Culture-bound syndromes (aka culture-bound disorders) are sets of symptoms or illnesses that are recognized and identified within a specific cultural or ethnic group but may not have a corresponding diagnosis in the standard diagnostic classification systems (DSM or ICD).

Understanding cultural-specific conditions is crucial for social workers--for practice and for the licensing exam (a practice question is included near the bottom of this post). Some culture-specific conditions to know:

  • Koro: Primarily found in Southeast Asia, koro involves an intense fear that one's genitals are retracting into the body, which can lead to panic and anxiety. Koro is deeply rooted in cultural beliefs and notions related to the importance of genitalia and sexual health in these regions.

  • Amok: Observed in certain Southeast Asian and Pacific Islander communities, amok involves a sudden outburst of violent behavior, often followed by amnesia for the episode. It is associated with distress and social disruption and is influenced by cultural factors unique to these regions.
  • Ataque de Nervios: Seen primarily in Hispanic and Latino cultures, particularly among individuals from the Caribbean, this involves episodes of uncontrollable emotional distress, which may include crying, screaming, and physical expressions of distress. It is shaped by cultural beliefs and the significance of family and community ties.

  • Hikikomori: Observed in Japan, hikkomori involves extreme social withdrawal and isolation, often by young adults who become reclusive and refuse to leave their homes. Hikikomori is believed to be influenced by societal and family pressures for success and conformity.

  • Kufungisisa: This term is used in Zimbabwe and other parts of Africa to describe a condition marked by excessive worrying and rumination, often accompanied by physical symptoms such as headaches or abdominal pain. Kufungisisa is often related to social and economic stressors.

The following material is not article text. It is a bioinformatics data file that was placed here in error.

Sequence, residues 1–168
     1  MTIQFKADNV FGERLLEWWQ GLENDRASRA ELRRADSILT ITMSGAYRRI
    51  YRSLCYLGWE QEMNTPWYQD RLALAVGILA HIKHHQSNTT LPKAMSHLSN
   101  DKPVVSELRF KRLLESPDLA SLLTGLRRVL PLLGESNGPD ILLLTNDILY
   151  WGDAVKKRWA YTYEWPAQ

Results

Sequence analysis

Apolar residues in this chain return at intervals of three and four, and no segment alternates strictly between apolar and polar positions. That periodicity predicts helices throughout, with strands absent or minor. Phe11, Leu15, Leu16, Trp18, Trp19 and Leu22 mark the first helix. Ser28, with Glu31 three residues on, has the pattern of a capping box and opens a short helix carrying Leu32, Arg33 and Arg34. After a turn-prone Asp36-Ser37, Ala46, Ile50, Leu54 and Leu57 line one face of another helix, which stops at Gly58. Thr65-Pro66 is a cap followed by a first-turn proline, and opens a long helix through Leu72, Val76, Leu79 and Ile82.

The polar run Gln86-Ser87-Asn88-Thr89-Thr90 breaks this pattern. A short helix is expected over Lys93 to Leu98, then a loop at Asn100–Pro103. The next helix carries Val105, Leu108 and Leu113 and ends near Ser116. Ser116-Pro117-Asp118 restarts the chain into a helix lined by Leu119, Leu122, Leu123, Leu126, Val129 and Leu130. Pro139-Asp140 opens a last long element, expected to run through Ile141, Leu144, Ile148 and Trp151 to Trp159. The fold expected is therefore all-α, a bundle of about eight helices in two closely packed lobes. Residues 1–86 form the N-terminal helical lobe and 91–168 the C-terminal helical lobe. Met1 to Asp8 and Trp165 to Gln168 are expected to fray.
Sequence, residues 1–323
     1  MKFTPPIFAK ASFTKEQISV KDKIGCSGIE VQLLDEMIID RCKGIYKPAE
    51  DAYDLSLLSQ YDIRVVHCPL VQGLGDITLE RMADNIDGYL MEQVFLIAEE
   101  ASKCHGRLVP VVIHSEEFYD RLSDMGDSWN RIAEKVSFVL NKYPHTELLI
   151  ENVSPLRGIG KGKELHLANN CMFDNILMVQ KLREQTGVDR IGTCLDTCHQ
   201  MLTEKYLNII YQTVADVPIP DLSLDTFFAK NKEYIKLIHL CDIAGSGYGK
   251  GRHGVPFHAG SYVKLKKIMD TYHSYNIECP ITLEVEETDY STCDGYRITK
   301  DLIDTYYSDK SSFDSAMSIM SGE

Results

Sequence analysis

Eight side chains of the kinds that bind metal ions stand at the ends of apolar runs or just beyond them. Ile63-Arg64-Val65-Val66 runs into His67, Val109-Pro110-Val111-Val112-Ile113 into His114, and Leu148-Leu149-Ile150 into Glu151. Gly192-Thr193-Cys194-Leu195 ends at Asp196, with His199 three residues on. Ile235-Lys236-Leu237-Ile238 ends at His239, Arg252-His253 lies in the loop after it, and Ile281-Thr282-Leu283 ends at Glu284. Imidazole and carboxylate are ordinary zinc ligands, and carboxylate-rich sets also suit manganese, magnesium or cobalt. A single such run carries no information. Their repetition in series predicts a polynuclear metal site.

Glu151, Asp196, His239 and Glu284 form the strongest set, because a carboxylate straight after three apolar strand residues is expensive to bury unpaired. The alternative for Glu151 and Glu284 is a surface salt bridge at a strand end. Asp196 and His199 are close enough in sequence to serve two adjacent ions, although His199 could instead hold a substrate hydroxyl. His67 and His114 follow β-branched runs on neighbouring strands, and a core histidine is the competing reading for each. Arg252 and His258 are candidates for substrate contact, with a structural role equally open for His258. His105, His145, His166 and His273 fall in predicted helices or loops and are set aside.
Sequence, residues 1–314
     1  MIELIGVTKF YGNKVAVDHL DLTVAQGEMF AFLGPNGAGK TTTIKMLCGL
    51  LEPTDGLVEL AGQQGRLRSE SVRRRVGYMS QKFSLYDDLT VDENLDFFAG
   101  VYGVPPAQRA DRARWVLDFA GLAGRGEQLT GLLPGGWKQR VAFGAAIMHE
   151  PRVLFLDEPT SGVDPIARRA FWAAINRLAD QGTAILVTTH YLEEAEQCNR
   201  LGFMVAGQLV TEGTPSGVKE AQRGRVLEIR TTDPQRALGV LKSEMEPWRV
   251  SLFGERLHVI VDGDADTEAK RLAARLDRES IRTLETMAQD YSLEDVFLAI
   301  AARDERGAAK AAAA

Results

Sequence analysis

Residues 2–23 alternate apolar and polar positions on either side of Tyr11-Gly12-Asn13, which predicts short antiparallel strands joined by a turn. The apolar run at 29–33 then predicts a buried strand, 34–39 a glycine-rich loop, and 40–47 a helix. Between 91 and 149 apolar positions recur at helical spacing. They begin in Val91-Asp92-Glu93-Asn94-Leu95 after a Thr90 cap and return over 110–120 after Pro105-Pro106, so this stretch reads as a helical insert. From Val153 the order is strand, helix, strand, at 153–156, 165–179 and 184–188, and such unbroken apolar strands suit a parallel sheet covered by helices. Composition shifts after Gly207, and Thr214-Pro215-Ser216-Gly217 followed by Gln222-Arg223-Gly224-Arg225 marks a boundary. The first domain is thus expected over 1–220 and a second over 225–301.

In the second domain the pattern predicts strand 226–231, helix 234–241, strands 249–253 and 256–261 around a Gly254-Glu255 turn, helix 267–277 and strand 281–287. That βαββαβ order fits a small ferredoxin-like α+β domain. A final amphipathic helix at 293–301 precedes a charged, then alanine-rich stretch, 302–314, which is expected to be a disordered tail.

• Taijin Kyofusho: This is a Japanese culture-bound syndrome characterized by an intense fear of offending or embarrassing others through one's appearance, body odor, or behavior. It reflects the strong emphasis on social harmony and conformity in Japanese culture.

  • Windigo Psychosis: This condition is associated with certain Indigenous communities in North America, particularly among the Algonquian-speaking peoples. Windigo Psychosis involves a fear of becoming a Windigo, a mythical creature associated with cannibalism. It is often seen as a reflection of social and cultural factors, including the harsh living conditions and community dynamics.

These conditions  can significantly impact how individuals from these cultural groups experience and express distress. Cultural sensitivity, understanding, and an openness to different cultural perspectives are essential for providing effective and respectful care and support to individuals experiencing these conditions.

Got that down? Let's test that out. Here's a free practice question about koro:

A social worker is conducting an assessment with a client from a Southeast Asian cultural background who has recently exhibited symptoms of "koro." The client expresses intense fear that their genitals are retracting into their body. Which of the following actions should the social worker take to provide culturally competent care?

A. Disregard the client's cultural beliefs and focus on standardized diagnostic criteria.

B. Explain to the client that "koro" is not an accepted medical diagnosis and encourage them to seek psychiatric evaluation.

C. Collaborate with the client to understand their cultural beliefs and incorporate them into the treatment plan.

D. Refer the client to a psychiatrist for a diagnosis and medication evaluation.

What's your answer?

In this scenario, the social worker should prioritize cultural competence and sensitivity. Option C is the most appropriate response as it emphasizes collaboration with the client to respect their cultural beliefs and incorporate them into the treatment plan. Disregarding the client's cultural beliefs (Option A) or dismissing "koro" as not a real medical condition (Option B) would be culturally insensitive. Referring the client immediately for psychiatric evaluation (Option D) may not be appropriate without first understanding the cultural context and beliefs surrounding their symptoms.

Simple enough!

For more questions about culture-bound symptoms and everything else on the ASWB exam, get started with SWTP's full-length practice tests. Nothing gets you prepared for licensure like realistic, real-time practice. 

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Happy studying and good luck on the exam!

September 13, 2023